His defenders and partisans, as well as the trolls his regime pays out of public funds, describe President Rodrigo Duterte’s “leadership” as “decisive.”

They’re referring to the speed with which he tried to address the drug problem — the extent of which his minions, among them Alan Peter Cayetano, and he himself, exaggerate — and his promise to end it within six months. (Cayetano told the United Nations last year that seven million Filipinos are drug addicts, while Mr. Duterte pegs the number at four million. PDEA, the Philippine Drug Enforcement Agency, put it at less than two million in 2016.)

They probably also have in mind his signing in record time the misnamed Tax Reform Acceleration and Inclusion Act (TRAIN), and his mobilizing his allies in the House of Representatives to rush Constitutional amendments and the shift to a federal form of government.

There’s also his decision, after calling the resort island of Boracay a cesspool, to keep tourists out of it for six months.

He allowed the bombing of Marawi City to dislodge the allegedly terrorist Maute Group. He also initiated peace negotiations with the National Democratic Front of the Philippines (NDFP) upon his election to the Presidency, and just as quickly terminated the talks, and officially labeled the Communist Party of the Philippines (CPP) and the New People’s Army (NPA) terrorist organizations.

At about the same time in 2016, he announced the adoption of an independent foreign policy, and recalled the US record of intervention in the Philippines. Supposedly to clear the way for the changes he wants to put in place, he set in motion a campaign to remove the Chief Justice, and challenged the impartiality of the ombudsman.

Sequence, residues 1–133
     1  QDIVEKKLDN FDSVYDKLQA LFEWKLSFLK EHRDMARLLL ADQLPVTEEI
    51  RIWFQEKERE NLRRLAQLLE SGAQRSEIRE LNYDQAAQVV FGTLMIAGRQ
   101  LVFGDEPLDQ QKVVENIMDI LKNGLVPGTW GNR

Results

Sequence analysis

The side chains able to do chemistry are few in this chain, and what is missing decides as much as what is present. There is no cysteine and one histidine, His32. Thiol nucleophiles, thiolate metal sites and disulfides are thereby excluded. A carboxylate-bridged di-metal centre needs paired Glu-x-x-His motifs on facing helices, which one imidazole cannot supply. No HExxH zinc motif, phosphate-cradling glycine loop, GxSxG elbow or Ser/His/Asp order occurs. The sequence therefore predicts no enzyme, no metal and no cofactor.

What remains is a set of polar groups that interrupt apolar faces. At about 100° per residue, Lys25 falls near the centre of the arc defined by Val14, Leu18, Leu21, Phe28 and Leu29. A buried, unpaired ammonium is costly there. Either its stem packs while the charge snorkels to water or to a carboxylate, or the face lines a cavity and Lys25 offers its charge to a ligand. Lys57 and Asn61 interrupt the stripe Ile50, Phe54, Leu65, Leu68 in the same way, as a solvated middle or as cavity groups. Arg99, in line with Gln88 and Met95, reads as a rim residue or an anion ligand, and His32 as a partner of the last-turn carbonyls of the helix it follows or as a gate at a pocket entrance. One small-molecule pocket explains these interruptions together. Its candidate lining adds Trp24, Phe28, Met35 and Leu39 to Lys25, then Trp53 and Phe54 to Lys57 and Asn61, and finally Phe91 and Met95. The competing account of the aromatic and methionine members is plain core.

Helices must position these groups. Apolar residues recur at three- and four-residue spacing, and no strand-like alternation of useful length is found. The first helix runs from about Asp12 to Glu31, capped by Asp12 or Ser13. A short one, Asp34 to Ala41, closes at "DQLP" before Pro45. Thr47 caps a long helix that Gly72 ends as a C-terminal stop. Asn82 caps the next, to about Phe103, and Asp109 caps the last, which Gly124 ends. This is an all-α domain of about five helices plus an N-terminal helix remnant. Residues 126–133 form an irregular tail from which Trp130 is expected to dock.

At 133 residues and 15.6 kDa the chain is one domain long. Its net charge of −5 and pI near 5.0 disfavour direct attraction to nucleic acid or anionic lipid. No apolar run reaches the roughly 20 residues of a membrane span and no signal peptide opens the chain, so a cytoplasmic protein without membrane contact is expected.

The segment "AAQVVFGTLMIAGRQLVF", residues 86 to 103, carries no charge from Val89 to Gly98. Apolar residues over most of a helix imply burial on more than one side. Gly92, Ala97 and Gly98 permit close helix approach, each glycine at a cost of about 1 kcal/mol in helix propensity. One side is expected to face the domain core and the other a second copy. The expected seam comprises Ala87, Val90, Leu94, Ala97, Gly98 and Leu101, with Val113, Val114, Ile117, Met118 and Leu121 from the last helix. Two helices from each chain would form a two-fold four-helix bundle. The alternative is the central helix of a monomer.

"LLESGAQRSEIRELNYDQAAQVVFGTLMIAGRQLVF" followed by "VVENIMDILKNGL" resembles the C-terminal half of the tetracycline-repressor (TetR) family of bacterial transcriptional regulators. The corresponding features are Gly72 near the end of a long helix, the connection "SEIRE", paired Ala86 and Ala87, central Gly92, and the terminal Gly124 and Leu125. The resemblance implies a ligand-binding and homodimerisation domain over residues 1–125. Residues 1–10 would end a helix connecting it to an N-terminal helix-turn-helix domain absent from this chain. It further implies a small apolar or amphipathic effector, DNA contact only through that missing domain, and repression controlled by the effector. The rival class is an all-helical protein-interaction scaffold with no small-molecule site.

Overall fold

All are clear indications, his partisans say, of his concern for the country and its future and his readiness to make the decisions needed to realize the changes he promised during the 2016 campaign for the presidency.

These acts and policy decisions are proof enough that he has the will to make them. But it has since become clear that these were made with hardly any understanding of, or regard for, the consequences — and without any preparation or plan in place to cushion their impact on the little that’s left of Philippine democracy, the country’s institutions, and even on much of the population.

The anti-drug campaign has foundered on the exemption from prosecution of some of the biggest drug lords in the country and their collaborators in government, some of whom have even been promoted. It has also hardened the culture of impunity dominant in an already abusive, barely competent police force. Worst of all is the human cost of the campaign: the barbaric extrajudicial killing of some 14,000 individuals including women and children, whose humanity Mr. Duterte and his accomplices in Congress and the executive branch have denied to justify the violation of their rights to a fair trial and the presumption of innocence.

The killing of breadwinners in poor communities has also left behind scores of widows and orphans whose very survival is uncertain — a largely ignored humanitarian crisis whose dimensions are likely to grow as the killings continue.

TRAIN reduced taxes among the wealthier classes, but is wreaking havoc among the very same poor communities whose residents have been the most numerous victims of what has turned out to be a war, not against drugs, but against the poor. Despite assurances from government economists, TRAIN has so raised the prices of basic commodities and other needs that it has become another weapon in the regime war against them.

The Boracay decision has not only cost thousands their livelihood. It has also severely damaged the country’s standing as a tourist destination. And yet Mr. Duterte had earlier approved Presidential Communications Operations Office (PCOO) Secretary Martin Andanar’s multi-million peso “nation branding” project to attract tourists and foreign investors — and discussed with a Chinese gambling magnate the possibility of the latter’s building a casino or two in Boracay.

Marawi City is in ruins, with some 300,000 residents displaced by the mindless destruction the regime unleashed on that once proud community. But while it desperately needs reconstruction, the building of a military installation in that city has taken precedence over the resettlement of displaced families. The whole of Mindanao is still under martial law, and human rights violations including extrajudicial killings multiplying.